Vue.js Advanced: Mastering Events

Vue.js Advanced: Mastering Events

Events are Vue’s way of handling communication from children to parent components. But although the basics are very simple, the way you leverage on events will define a big deal of your application architecture.

Declarative vs Imperative

Children don’t give orders to parents.

Or in more technical words: events should be declarative, not imperative.

The rule above leads to a more flexible architecture, since we are just reporting stuff that happened.

This way it’s easy for us to reuse the component within another context, which can (and will) do completely different things when the events we first created are emitted.

❌ Consider this bad example:

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<template>
  <button @click="$emit('create-post')">
    Add
  </button>
</template>

The name create-post is giving an order. It’s being imperative, not declarative.

For example, in another context where we don’t want to create-post but just add it to a list so we can save in batches later, this event’s name would lose it’s meaning.

✅ But if we just did something like this:

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<template>
  <button @click="$emit('add-click')">
    Add
  </button>
</template>

Then we are reporting what happened. The user clicked the “Add” button, and nothing more than that.

What happens from here on is a responsibility of the parent component, and the button doesn’t need to concern itself with this information.


Event naming

Following the suggestions from the last topic about being declarative, a trick I tend to use to be sure my event naming is coming out right, is to try to compose it in a way that the listening directive sounds like plain english.

For example:

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<my-component v-on:add-post-click="savePost">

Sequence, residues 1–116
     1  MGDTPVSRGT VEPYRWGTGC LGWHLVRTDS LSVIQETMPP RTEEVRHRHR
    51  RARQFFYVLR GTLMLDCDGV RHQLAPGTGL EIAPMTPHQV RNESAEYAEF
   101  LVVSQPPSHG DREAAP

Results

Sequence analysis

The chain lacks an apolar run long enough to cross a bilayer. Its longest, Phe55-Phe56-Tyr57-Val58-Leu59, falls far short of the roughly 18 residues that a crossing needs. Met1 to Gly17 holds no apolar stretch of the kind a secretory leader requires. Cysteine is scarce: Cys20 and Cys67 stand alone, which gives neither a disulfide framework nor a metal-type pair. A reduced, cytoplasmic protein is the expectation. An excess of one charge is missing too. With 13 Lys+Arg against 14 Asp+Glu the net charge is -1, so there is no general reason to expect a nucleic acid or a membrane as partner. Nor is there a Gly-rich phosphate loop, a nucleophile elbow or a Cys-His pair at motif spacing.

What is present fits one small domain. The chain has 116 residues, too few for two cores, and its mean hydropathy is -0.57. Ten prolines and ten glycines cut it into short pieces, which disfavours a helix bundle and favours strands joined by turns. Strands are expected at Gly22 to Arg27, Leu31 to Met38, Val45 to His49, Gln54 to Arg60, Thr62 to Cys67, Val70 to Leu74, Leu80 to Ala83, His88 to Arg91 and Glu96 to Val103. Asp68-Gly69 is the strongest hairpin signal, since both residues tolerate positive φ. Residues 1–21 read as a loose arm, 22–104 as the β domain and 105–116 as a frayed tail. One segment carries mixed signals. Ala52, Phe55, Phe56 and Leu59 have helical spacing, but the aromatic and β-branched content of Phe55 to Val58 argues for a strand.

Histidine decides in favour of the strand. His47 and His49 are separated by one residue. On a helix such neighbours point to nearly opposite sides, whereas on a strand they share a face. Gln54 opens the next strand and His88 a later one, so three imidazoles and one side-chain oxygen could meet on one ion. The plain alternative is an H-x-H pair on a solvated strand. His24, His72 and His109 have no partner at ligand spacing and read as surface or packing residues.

We could read it like:

on “add post” click, save the post

Sounds nicely, right? :)


How to send an inverted event (from parent to children)?

Spoiler: you don’t!

Sometimes you can feel the urge to send an event from a parent component into a child, like when you want to change something within the child component but don’t have a prop controlling it.

If you feel this need, it’s Vue telling you that something in your components architecture is wrong.

Remember: when you use Vue, your UI is centered around data. Yes it does have events, but this doesn’t make it event-driven, Vue is data-driven.

If there is something that a father should control in a children, it should do it through data, and data only.


Global Event Bus

The event system within Vue is so useful that many people started using a new Vue instance just to use it as an event client. Thus the Global Event Bus pattern started popping up in the Vue.js community.

Basically you would do something like this:

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const EventBus = new Vue

// Anywhere you want to listen for the event
EventBus.$on('my-event', someCallbackFunction)

// Anywhere you want to trigger an event
EventBus.$emit('my-event')

You should take care when using this pattern because it can make your application A LOT harder to reason about when used in the wrong spots or without restraint. But there are use cases that it can serve you well and solve your problem in a clean way.

I’m not gonna get too much into the Global Event Bus subject, but here is a link that explains very well it’s use cases and caveats.


Conclusion

Vue events are a rich topic of discussion, and being one of the two ways your components can communicate with the rest of the application makes it a very important topic as well.

Since I couldn’t find any advanced topic on the matter I decided to share what I learned by making mistakes, so you don’t have to. Any thoughts are welcome :)

Victor A.M.

Victor A.M.
Yet another passionate web developer, mostly experienced with Ruby on Rails and Vue.js.
Currently living in São Paulo and working at Plataformatec.

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